The federal government will be injecting a whack of cash into the Canadian economy in order to fiscally stimulate the country out of the depression.
While the exact amount has yet to be determined, the billion amount is being heard an awful lot these days.
Now billion is a fair chunk of money.
When we are talking that much money, there is usually enough for every one, including the Yukon.
Odds are each northern territory will get about million of the aforementioned billions to stimulate its particular economy.
Here is some advice to the various governments on how to spend that money so that the Yukon’s economy can be stimulated.
Actually here is some advice on what not to spend it on.
Do not spend it on roads, pipelines, railways, dams or electrical transmission lines.
These types of projects already have tons of taxpayers dollars devoted to them.
It is reported that the Yukon will be getting 5 million from the federal government’s Build Canada fund for this sort of thing.
No doubt this will be spent on the usual grandiose mega projects.
None of these projects tend to be good for the environment, and it can even be argued that they are not even good for the economy.
The environmental cost of dams on fisheries, wetlands and riparian habitat is usually not factored into the cost of the initial construction.
Only after additional millions have been spent on reclamation and restoration projects are the true costs revealed.
Roads tend to be fiscal sinkholes, as their operation and maintenance costs can be high.
The Alaska Highway and its fascinating collection of potholes near Beaver Creek seems to be attracting a lot of maintenance dollars these days.
If only it would stop sinking into the melting permafrost.
For that to happen the root causes of climate change would have to be addressed.
Now there is something that the federal stimulus dollars could be spent on.
It is time to spend the million stimulus dollars in such a fashion so that it not only helps the economy but also helps the environment.
An example of sustainable stimulus spending would be to extend the various home renovation initiatives currently underway in the Yukon.
Jobs are created locally in the short term doing this form of construction and they are created in every community.
If the focus on the renovations is energy smart projects in the long run homeowners require less energy for heating.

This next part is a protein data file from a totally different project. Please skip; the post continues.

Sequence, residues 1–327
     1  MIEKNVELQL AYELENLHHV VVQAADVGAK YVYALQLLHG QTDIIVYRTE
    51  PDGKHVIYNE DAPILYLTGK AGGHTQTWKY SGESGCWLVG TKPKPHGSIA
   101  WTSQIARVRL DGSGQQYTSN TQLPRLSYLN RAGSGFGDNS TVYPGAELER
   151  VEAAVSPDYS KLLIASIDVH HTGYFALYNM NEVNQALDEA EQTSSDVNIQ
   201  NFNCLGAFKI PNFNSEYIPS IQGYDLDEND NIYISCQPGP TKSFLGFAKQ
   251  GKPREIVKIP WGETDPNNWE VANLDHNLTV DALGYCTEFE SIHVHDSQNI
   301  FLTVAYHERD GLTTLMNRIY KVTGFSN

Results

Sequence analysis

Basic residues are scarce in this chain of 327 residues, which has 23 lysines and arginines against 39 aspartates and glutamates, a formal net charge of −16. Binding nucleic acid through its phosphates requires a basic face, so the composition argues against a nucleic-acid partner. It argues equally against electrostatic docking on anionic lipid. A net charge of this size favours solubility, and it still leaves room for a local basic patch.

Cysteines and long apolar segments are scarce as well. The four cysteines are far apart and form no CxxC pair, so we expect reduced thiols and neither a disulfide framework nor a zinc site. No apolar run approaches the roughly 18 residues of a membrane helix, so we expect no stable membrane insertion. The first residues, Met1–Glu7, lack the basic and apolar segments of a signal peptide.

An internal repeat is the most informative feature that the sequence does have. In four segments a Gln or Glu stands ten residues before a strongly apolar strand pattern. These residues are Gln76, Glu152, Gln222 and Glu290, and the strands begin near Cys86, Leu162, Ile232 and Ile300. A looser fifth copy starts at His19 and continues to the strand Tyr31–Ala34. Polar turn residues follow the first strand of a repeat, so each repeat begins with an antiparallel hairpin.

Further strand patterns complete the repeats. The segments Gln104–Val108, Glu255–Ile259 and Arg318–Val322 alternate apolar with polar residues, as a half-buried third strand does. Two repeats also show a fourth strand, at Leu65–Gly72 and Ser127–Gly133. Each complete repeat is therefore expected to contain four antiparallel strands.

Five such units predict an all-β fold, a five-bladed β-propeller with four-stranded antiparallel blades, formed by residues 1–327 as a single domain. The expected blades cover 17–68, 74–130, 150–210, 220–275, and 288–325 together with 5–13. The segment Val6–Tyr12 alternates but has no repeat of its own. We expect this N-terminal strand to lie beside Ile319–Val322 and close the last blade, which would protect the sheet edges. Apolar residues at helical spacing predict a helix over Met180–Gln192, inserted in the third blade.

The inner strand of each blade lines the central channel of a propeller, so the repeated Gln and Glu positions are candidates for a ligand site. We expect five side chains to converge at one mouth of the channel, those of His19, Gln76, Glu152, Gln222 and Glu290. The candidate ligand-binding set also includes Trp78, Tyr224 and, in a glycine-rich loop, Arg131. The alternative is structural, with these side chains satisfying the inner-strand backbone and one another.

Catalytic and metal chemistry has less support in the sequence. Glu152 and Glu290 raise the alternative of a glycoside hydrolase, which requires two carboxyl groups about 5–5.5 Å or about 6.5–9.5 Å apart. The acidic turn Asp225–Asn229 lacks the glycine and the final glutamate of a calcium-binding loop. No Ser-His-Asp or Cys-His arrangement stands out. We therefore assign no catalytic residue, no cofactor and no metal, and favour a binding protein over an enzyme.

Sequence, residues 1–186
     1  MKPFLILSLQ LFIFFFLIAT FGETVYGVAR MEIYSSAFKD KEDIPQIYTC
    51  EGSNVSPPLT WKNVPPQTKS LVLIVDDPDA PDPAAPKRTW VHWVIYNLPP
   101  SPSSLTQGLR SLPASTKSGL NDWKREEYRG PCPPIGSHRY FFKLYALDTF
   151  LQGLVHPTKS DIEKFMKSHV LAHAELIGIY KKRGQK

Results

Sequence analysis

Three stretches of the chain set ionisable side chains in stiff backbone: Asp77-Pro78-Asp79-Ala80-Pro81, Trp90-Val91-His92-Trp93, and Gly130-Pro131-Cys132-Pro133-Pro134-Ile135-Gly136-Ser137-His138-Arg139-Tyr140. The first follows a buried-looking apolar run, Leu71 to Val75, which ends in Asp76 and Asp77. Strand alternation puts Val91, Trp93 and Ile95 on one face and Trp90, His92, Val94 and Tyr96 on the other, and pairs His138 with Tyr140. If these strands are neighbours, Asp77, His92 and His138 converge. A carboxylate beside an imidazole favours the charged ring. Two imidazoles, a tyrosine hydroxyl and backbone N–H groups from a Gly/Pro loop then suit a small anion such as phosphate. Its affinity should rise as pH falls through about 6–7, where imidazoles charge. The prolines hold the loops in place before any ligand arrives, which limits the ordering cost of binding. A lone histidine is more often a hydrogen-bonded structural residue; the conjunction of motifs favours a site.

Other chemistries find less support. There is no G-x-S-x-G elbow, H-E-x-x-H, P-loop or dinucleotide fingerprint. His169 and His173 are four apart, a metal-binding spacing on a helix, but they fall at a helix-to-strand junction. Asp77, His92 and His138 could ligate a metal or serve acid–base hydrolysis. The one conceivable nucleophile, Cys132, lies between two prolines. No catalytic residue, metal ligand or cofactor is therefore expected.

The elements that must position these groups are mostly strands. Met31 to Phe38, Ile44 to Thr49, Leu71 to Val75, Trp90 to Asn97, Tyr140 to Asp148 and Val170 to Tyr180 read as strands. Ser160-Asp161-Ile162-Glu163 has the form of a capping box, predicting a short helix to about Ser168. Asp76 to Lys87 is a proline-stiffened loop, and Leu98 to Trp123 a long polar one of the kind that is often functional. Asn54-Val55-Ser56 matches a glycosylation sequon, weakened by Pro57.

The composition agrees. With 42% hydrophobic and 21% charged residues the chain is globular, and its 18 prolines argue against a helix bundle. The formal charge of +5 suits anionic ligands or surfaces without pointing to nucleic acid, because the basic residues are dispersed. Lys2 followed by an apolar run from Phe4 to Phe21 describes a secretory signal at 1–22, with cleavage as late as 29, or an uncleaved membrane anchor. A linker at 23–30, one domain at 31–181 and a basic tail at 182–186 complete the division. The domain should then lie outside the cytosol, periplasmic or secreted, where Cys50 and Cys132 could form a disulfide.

This in turn means less demand for either electricity or fossil fuels so the environment benefits.
In the case that less fossil fuels are used for heating, the Yukon’s contribution towards climate change is reduced.
Another way to do a sustainable stimulus in the Yukon is to tweak the power grid.
The powers-that-be concerned with managing the Yukon energy system are very reluctant to install net metering.
This is the concept whereby Yukon households could generate their own power and sell it back to the grid.
The power can be generated through solar panels and small wind turbines that can be mounted in yards and atop garages.
When the household is not using the electricity created by these power systems it can be sold to the power company and then distributed to those who need power.
Part of the concern is that monitoring all that electricity flowing from small independent power producers into the general Yukon grid requires expensive monitoring systems.
The potential power generated by households would have to be redistributed to other users without blowing transformers and fuses all over the place.
Since the whole concept of stimulus is to spend money here is a good chance to purchase not only the monitoring systems, but also subsidize the cost and installation of the solar panels and small turbines.
Installing those panels and turbines would create jobs and the end result would provide clean energy towards the Yukon’s electrical needs.
In response to those that say the sun does not shine all the time nor does the wind blow with consistent frequency it must be noted that the rivers do not always flow with enough capacity and the future use of fossil fuels is bleak due to climate change concerns.
There was not enough hydro capacity this December in the Yukon and the diesel turbines had to be turned on to maintain the Yukon power supply.
When the Yukon gets serious about dealing with greenhouse gas emissions turning on the diesel turbines might not be an option.
It is obvious that either reducing power usage is needed or adding more power to the system is required.
Power reduction can be done through home renovations that emphasize energy efficiency
Power-supply increases can be done through small scale clean energy projects.
Both methods would stimulate the local economy, and both would leave a positive environmental legacy.
Lewis Rifkind is a Whitehorse based part-time environmentalist.